Movistar celebrates.Image: Sirotti.

Editorial: When Will Cyclists’ Lives Be Taken Seriously?

Bicycling Australia Editor Gary Hunt’s editorial column from the current edition of the magazine – wise words indeed.

‘Rage Against the Machine’

We have a problem.
Australia has a problem with the way we protect and defend the vulnerable.
Globally the statistics show cycling fatalities are in decline, though apparently Australian numbers are an outlier and not following the global trend.
Recent tragic events have once again brought the issue of road safety to the fore.
The death of a rider in the recent Indian Pacific Wheel Race has seen police investigate. But as of late April 2017 the investigation status is classified as “ongoing”. Are the police waiting for a witness to emerge so they can continue? Or has this investigation been shelved until it’s forgotten?
There is a dead cyclist and a motorist with a bent vehicle at the scene who doesn’t deny the collision.

So what does happen to a motorist who kills a cyclist in a traffic accident?
Is that language too direct? Perhaps it should be “a motorist whose vehicle kills a cyclist while the motorist was operating the vehicle.” There; remove the implication of intent.
This is not a case of unseen speeding that caused no incident. A human being died here.
Cyclists are legally allowed to ride on most roads, and reasonably the traffic authorities classify them as ‘vulnerable’ in the jargon of traffic policy, similar to pedestrians who are also stakeholders in the traffic discussion.

Yet there seems to be a disconnect between the acceptance of cyclists on the road by the authorities and the extension of legal protection and defense of cyclists when there is a collision.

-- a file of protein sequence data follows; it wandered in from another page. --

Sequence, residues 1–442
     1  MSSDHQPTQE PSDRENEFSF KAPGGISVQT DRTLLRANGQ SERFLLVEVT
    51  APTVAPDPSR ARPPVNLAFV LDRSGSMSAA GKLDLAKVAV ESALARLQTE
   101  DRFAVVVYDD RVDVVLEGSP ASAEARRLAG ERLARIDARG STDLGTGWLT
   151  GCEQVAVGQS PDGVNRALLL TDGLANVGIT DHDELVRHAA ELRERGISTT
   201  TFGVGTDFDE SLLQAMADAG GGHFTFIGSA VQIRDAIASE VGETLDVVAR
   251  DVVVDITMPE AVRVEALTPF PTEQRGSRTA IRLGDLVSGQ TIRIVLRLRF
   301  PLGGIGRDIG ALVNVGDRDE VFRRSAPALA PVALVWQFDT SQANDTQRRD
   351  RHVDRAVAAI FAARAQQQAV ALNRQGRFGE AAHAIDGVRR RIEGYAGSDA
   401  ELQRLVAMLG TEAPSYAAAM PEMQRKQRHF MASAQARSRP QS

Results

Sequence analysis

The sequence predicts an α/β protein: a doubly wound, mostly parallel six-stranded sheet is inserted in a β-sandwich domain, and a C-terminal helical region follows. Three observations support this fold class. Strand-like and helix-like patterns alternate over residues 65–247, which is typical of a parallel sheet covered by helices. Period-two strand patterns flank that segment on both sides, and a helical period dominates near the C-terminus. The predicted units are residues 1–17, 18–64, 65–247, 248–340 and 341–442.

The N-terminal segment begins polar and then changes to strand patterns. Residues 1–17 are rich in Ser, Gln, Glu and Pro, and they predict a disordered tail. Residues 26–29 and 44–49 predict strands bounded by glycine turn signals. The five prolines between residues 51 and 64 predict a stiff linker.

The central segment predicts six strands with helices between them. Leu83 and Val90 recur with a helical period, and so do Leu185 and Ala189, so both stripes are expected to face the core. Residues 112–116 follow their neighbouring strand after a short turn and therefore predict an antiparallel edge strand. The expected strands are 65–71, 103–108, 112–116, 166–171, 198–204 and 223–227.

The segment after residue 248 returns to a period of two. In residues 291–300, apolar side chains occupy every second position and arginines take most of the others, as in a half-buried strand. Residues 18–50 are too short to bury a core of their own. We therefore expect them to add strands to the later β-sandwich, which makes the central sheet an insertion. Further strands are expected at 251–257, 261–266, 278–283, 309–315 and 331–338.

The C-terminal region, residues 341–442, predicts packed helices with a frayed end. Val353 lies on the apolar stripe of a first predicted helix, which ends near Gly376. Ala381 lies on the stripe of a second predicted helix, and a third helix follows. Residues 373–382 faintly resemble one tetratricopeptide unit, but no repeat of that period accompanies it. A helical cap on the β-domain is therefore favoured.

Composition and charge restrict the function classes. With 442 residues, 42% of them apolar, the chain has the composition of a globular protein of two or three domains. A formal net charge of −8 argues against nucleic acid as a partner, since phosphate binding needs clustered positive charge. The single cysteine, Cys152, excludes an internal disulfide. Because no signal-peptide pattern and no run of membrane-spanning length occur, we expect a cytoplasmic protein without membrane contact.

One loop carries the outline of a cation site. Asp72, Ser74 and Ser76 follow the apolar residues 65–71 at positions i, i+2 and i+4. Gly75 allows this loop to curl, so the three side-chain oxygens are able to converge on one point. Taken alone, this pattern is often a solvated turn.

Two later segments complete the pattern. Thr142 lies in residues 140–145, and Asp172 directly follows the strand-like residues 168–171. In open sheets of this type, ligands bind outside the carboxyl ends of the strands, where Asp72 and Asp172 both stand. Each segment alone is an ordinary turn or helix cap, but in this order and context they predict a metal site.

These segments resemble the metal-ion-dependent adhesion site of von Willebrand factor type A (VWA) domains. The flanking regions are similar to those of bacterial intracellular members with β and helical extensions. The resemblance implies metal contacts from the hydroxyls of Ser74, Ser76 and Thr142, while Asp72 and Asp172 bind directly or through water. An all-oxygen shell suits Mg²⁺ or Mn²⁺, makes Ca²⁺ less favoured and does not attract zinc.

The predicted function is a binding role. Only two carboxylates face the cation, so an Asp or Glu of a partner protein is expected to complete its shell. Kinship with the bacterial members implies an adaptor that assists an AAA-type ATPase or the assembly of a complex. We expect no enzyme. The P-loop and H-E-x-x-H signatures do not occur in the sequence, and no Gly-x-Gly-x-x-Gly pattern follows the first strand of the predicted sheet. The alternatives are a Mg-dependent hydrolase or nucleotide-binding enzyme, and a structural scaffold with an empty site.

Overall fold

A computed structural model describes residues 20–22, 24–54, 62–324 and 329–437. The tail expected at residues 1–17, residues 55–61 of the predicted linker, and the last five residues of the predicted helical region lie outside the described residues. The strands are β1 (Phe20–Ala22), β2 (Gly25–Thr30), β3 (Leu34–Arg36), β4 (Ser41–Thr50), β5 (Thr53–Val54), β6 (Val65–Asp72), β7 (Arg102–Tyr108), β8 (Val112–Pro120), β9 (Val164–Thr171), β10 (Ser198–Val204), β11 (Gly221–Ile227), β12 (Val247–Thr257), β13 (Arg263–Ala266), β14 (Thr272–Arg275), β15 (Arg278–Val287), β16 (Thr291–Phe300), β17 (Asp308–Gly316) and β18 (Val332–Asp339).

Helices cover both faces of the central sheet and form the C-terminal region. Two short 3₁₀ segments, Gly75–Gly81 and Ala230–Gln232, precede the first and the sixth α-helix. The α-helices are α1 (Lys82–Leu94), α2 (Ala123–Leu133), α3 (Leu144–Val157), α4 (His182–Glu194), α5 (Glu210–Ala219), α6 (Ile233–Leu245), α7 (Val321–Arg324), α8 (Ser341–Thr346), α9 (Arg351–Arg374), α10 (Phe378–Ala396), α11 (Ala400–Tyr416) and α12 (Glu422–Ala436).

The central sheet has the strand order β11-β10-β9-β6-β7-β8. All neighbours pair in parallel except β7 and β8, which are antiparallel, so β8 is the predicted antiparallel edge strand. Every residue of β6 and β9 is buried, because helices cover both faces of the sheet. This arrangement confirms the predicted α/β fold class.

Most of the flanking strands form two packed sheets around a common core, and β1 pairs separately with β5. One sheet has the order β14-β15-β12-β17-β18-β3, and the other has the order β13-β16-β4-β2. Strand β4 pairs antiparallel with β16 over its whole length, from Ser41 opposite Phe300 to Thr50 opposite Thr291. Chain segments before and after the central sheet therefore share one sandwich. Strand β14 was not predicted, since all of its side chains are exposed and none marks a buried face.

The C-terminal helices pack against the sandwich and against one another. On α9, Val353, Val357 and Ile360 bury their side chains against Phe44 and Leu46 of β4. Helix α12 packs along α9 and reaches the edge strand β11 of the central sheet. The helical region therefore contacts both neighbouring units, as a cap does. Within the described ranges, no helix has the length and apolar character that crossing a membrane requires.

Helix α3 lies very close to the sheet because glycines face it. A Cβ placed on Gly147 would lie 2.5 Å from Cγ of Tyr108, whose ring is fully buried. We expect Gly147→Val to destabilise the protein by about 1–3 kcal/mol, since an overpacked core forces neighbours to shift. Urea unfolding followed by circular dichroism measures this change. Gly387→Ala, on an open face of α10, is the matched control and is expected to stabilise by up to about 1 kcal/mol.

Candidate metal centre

Minimum passing distance laws are fine, but the difficulty of policing them renders them largely tokenistic. And when justice is not seen to be done, whatever the errant behavior, it will be perpetuated.

I understand that changes takes time, but when will cyclists lives be taken seriously?
Matthew Beck; Senior Lecturer in Infrastructure Management, University of Sydney wrote a fascinating article on last year about the psychological basis for motorist’s attitudes towards cyclists, which included some quite confronting discussion about cyclists. In the cyclist /motorist relationship, cyclists are the tiny minority, the ‘out group’ which is perceived as a threat, not worthy of empathy, is prone to dehumanization and subject to aggression from the majority, the ‘ingroup’.

Some of these attitudes seem to be evident to a degree in, if not the design of, then at least the real world application and outworking of the law.
This is not a rant against motorists; I drive too, and every time I pass a cyclist in my car I feel the burden of ensuring their safety.
This is against those who don’t care.
It’s against those who intimidate injure and kill.
It’s against a system that fails to defend and protect the vulnerable.
This is about fairness under the law.
It’s about people’s lives.
Real people’s lives.

Stay safe people
Gary Hunt


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